Three Common Mistakes Homebuyers Make

real estate

Buying a home is one of the most important financial decisions you’ll ever make, so it’s important to make sure you’re doing it right. Unfortunately, there are plenty of ways to mess up along the way explains Nihar Gala. Here are the three most common mistakes homebuyers make:

Putting off a homebuyer’s inspection.

A homebuyer’s inspection is an important part of the homebuying process. It will tell you if there are any problems with your future house, and show you what you need to do before moving in.

  • It will help you evaluate the condition of a property.
  • It can find defects that exist in a home that may not be noticeable from afar or after a brief walk-through.
  • Inspectors look for structural, mechanical and safety issues found during inspections and make recommendations about repairs or replacements to remedy them before closing on the sale of your new home.

Skimping on mortgage insurance.

If you’re buying a home with less than 20% down, mortgage insurance is probably required. If so, this will cost you but it’s worth it in the long run. Mortgage insurance protects your lender in case you default on your loan and they have to foreclose on your home. This means that if something happens and things don’t work out as planned, lenders will get paid back by the government instead of losing money themselves.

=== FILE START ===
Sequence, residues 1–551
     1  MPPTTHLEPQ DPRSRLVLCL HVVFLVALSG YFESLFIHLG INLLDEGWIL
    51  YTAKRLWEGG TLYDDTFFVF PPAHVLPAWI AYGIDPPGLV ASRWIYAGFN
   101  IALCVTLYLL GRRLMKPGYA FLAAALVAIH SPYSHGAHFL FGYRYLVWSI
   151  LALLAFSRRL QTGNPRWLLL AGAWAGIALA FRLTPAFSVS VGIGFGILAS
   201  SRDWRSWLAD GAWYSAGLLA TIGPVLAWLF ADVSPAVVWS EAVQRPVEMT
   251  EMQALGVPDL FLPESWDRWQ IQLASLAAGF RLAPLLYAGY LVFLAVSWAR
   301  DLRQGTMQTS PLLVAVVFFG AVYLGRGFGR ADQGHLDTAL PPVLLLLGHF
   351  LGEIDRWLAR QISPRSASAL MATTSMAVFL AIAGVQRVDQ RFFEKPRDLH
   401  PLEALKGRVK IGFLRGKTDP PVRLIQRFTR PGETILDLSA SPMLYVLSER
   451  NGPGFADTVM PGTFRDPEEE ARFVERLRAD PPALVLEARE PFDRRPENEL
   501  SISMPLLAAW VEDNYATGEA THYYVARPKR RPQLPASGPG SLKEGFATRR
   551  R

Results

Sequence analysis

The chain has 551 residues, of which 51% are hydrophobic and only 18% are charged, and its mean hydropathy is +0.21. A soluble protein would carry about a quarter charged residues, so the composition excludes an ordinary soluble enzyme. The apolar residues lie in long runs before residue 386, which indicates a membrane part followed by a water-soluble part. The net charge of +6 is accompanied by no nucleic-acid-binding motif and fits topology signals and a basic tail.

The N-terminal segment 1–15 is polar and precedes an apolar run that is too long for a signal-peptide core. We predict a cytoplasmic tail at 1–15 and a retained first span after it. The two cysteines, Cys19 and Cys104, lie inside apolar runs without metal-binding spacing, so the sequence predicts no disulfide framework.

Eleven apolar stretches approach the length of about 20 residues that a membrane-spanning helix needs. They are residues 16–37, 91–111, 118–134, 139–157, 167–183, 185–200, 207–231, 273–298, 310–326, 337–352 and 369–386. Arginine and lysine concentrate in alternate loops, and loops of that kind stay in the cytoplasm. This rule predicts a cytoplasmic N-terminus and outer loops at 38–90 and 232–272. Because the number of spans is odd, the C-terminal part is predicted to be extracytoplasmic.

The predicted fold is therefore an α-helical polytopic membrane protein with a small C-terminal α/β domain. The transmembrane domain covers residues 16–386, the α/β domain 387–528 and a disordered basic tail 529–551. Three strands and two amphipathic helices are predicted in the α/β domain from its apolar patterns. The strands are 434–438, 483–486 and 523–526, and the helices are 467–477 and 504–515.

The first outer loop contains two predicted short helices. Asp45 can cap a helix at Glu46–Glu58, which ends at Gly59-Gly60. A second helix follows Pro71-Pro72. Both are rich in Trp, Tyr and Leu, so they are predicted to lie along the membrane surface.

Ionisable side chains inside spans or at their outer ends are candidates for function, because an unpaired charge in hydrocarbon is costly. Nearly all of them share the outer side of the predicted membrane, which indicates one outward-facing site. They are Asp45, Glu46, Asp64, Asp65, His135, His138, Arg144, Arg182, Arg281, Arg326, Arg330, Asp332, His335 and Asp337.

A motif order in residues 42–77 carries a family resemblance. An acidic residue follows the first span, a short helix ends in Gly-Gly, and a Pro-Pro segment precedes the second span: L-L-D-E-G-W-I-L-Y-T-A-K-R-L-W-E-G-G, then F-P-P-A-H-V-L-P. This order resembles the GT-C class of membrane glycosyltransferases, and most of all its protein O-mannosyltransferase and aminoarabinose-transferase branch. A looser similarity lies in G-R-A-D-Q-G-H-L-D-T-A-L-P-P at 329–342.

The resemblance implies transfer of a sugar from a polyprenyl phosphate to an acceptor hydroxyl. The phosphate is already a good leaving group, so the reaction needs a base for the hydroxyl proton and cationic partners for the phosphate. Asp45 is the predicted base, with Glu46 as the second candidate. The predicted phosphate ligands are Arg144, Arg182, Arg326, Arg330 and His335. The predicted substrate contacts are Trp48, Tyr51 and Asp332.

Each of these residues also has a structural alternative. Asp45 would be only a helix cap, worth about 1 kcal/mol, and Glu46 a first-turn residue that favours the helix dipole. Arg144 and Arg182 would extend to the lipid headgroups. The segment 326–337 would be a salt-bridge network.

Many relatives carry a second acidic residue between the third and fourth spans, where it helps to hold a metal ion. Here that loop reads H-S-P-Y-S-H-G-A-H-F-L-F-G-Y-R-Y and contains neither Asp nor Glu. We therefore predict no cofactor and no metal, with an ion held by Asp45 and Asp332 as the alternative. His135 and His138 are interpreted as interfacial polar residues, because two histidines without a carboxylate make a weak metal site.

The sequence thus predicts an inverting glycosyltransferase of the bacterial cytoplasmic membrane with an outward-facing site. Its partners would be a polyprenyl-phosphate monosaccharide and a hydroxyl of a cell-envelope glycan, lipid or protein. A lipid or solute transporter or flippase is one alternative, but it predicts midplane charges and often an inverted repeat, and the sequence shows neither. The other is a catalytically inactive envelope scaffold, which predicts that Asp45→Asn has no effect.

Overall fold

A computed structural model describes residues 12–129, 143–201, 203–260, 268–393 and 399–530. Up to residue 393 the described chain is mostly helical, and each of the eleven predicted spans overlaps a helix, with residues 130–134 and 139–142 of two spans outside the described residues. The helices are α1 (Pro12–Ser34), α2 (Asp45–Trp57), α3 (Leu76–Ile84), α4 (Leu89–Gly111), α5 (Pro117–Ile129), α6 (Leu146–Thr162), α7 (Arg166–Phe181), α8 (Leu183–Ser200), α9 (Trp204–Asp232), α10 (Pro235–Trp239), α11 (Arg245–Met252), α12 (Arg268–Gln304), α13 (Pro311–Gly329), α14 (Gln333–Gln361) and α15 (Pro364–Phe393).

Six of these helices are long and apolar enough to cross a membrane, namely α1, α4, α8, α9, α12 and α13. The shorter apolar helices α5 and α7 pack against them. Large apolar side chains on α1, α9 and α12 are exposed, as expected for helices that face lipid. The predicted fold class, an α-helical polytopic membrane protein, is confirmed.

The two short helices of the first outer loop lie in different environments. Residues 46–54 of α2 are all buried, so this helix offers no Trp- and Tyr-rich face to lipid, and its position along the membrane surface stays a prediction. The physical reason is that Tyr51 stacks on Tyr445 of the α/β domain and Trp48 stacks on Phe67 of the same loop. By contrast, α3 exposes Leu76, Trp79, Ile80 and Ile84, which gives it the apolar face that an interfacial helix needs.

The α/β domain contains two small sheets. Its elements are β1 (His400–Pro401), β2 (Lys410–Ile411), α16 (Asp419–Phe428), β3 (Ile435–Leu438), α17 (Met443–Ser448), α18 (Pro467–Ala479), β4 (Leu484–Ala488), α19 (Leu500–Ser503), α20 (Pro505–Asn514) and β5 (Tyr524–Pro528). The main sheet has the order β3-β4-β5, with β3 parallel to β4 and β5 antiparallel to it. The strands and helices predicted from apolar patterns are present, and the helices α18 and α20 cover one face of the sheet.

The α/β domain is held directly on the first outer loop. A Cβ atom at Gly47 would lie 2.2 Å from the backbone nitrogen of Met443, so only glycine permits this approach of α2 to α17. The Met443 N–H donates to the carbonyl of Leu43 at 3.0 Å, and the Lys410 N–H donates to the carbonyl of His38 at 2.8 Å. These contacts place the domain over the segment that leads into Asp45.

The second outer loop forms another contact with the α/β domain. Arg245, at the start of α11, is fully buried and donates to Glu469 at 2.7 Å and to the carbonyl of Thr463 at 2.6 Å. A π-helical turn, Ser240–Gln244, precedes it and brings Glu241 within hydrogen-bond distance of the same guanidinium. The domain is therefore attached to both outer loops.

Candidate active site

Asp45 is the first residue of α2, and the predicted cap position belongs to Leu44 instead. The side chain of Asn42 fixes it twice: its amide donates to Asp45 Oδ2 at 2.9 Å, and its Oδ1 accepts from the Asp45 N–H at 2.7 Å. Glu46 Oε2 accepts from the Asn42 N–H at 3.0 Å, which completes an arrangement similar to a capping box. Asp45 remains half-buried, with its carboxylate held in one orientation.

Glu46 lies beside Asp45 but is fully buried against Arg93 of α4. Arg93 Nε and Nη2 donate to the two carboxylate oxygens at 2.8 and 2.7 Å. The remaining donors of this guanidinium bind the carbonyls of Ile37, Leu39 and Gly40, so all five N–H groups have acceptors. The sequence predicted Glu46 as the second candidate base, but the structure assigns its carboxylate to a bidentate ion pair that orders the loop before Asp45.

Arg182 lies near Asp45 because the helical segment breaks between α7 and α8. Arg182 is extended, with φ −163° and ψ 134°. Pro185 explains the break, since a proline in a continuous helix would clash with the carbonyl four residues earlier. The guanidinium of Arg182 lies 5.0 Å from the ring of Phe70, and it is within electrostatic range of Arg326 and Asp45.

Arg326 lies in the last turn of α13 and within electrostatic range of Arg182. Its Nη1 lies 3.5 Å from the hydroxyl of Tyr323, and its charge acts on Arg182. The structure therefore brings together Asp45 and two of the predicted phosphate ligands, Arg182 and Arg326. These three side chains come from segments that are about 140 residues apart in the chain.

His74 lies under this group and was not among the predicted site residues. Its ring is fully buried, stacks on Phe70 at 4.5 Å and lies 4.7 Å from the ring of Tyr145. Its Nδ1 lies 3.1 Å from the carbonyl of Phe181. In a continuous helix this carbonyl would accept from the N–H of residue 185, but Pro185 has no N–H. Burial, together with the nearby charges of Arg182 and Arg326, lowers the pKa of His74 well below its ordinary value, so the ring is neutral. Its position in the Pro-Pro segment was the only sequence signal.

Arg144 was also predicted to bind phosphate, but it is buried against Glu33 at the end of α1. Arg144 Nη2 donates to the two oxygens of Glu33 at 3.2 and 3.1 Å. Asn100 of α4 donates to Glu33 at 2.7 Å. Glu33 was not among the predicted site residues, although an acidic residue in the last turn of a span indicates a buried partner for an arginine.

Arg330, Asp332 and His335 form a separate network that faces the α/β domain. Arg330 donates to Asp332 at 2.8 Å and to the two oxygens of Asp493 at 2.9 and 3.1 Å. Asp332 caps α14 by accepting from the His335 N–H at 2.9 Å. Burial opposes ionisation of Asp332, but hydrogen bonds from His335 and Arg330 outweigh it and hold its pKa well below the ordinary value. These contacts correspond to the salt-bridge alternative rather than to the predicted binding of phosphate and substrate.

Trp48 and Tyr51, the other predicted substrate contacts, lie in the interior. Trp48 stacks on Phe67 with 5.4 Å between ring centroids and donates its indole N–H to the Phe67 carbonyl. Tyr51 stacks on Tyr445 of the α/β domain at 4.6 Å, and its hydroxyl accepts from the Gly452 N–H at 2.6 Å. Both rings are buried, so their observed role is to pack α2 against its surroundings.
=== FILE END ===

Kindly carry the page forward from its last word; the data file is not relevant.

It’s usually paid monthly with the rest of your mortgage payment and added onto what would be considered an additional monthly fee for homeownership: property taxes and homeowner’s insurance.

Not making a big enough down payment.

Many homebuyers are under the impression that they need to make a down payment of 20% or more. This isn’t always true, and in some cases, it can be detrimental to your financial health. The amount you need as a down payment depends on several factors including:

  • How much your monthly housing costs will be (mortgage, insurance and taxes)
  • Your debt-to-income ratio (how much money you owe compared with how much money you earn)

While there is no magic number for determining how big of a down payment is right for you, one rule of thumb is the higher cost of your mortgage loan , the larger your down payment should be . If you’re buying a house that costs $200k but only have $20k saved up , then consider waiting until you have saved more before buying. There are many other ways to save money besides scrimping on lattes or cutting back on dinners out – check out these 5 tips for saving more money today!


If you’re looking to buy a home, it’s important to know the common mistakes people make. To help you avoid these pitfalls, we recommend that you first understand what kinds of homes are available in your area and how much they cost. You can also research mortgage options like interest-only loans or FHA loans so you know what kind of financing is available for potential buyers like yourself when looking at properties for sale today!

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